Journal Article
Research Support, N.I.H., Extramural
Research Support, Non-U.S. Gov't
Add like
Add dislike
Add to saved papers

Pressure ulcers in elderly patients with hip fracture across the continuum of care.

OBJECTIVES: To identify care settings associated with greater pressure ulcer risk in elderly patients with hip fracture in the postfracture period.

DESIGN: Prospective cohort study.

SETTING: Nine hospitals that participate in the Baltimore Hip Studies network and 105 postacute facilities to which patients from these hospitals were discharged.

PARTICIPANTS: Hip fracture patients aged 65 and older who underwent surgery for hip fracture.

MEASUREMENTS: A full-body skin examination was conducted at baseline (as soon as possible after hospital admission) and repeated on alternating days for 21 days. Patients were deemed to have an acquired pressure ulcer (APU) if they developed one or more new stage 2 or higher pressure ulcers after hospital admission.

RESULTS: In 658 study participants, the APU cumulative incidence at 32 days after initial hospital admission was 36.1% (standard error 2.5%). The adjusted APU incidence rate was highest during the initial acute hospital stay (relative risk (RR)=2.2, 95% confidence interval (CI)=1.3-3.7) and during re-admission to the acute hospital (RR=2.2, 95% CI=1.1-4.2). The relative risks in rehabilitation and nursing home settings were 1.4 (95% CI=0.8-2.3) and 1.3 (95% CI=0.8-2.1), respectively.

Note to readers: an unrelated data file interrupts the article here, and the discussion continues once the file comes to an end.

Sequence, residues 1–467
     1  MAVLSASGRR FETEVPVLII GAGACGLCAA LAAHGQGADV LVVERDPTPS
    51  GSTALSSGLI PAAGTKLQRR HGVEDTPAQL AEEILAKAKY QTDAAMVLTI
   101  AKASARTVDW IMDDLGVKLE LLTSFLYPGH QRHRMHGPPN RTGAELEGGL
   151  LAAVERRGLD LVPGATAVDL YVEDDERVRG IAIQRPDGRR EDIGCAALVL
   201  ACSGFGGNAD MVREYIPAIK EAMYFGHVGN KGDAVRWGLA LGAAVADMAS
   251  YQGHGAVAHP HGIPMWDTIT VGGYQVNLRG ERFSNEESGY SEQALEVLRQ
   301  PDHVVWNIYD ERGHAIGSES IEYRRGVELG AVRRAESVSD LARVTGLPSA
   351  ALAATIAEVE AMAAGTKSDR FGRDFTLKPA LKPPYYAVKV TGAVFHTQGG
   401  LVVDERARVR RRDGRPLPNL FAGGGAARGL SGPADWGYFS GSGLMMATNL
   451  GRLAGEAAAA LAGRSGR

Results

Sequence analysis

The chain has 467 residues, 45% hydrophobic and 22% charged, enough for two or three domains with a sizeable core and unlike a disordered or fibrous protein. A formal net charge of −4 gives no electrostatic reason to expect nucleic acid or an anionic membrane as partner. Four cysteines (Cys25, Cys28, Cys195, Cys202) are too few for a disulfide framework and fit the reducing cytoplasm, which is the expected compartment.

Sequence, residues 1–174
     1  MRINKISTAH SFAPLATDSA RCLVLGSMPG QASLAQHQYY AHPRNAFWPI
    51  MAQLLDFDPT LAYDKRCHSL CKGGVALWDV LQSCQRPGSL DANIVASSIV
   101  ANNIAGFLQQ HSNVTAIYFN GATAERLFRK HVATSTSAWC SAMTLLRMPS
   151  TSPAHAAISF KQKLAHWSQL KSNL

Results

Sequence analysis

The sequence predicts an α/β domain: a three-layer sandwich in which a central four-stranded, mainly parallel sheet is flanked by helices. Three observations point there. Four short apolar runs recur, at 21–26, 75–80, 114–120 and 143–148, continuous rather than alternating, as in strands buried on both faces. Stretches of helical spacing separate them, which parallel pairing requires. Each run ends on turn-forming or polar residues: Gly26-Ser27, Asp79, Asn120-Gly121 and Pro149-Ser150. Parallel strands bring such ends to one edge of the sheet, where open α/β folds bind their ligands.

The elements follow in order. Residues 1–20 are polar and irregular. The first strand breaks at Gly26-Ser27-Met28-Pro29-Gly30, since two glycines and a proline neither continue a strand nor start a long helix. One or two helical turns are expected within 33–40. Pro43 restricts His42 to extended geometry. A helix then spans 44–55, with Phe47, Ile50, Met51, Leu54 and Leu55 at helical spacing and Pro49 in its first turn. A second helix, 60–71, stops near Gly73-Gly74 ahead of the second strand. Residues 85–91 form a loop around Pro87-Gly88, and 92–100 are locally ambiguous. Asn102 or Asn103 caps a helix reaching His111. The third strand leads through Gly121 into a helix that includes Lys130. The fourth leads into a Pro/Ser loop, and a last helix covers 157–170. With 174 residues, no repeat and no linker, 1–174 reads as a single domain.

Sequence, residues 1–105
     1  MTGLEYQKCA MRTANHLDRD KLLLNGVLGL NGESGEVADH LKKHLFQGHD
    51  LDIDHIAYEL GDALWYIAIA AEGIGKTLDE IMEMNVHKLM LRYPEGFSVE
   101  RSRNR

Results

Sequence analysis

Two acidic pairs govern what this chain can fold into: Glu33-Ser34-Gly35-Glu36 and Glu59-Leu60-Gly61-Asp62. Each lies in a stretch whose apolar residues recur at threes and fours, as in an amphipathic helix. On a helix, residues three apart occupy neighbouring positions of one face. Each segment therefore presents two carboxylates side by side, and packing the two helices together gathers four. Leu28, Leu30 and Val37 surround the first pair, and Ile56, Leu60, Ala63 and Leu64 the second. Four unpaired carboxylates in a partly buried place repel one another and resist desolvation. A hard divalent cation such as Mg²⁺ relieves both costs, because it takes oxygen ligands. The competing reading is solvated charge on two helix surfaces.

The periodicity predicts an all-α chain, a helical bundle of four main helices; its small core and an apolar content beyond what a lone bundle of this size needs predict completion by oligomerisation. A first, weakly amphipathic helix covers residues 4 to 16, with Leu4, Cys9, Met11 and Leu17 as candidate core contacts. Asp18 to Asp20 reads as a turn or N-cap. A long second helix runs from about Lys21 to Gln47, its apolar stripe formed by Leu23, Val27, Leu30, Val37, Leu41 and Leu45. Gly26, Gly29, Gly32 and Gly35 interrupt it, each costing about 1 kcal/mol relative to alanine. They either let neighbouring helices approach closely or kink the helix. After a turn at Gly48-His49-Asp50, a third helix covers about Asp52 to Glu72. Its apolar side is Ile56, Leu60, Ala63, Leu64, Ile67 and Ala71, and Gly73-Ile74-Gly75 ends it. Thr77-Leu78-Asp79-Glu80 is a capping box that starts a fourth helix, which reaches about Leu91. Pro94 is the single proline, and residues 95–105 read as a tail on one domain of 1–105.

CONCLUSION: Approximately one-third of hip fracture patients developed an APU during the study period. The rate was highest in the acute setting, a finding that is significant in light of Medicare's policy of not reimbursing hospitals for the treatment of hospital-APUs. Hip fracture patients constitute an important group to target for pressure ulcer prevention in hospitals.

Full text links

We have located links that may give you full text access.
Can't access the paper?
Try logging in through your university/institutional subscription. For a smoother one-click institutional access experience, please use our mobile app.

Related Resources

For the best experience, use the Read mobile app

Mobile app image

Get seemless 1-tap access through your institution/university

For the best experience, use the Read mobile app

All material on this website is protected by copyright, Copyright © 1994-2024 by WebMD LLC.
This website also contains material copyrighted by 3rd parties.

By using this service, you agree to our terms of use and privacy policy.

Your Privacy Choices Toggle icon

You can now claim free CME credits for this literature searchClaim now

Get seemless 1-tap access through your institution/university

For the best experience, use the Read mobile app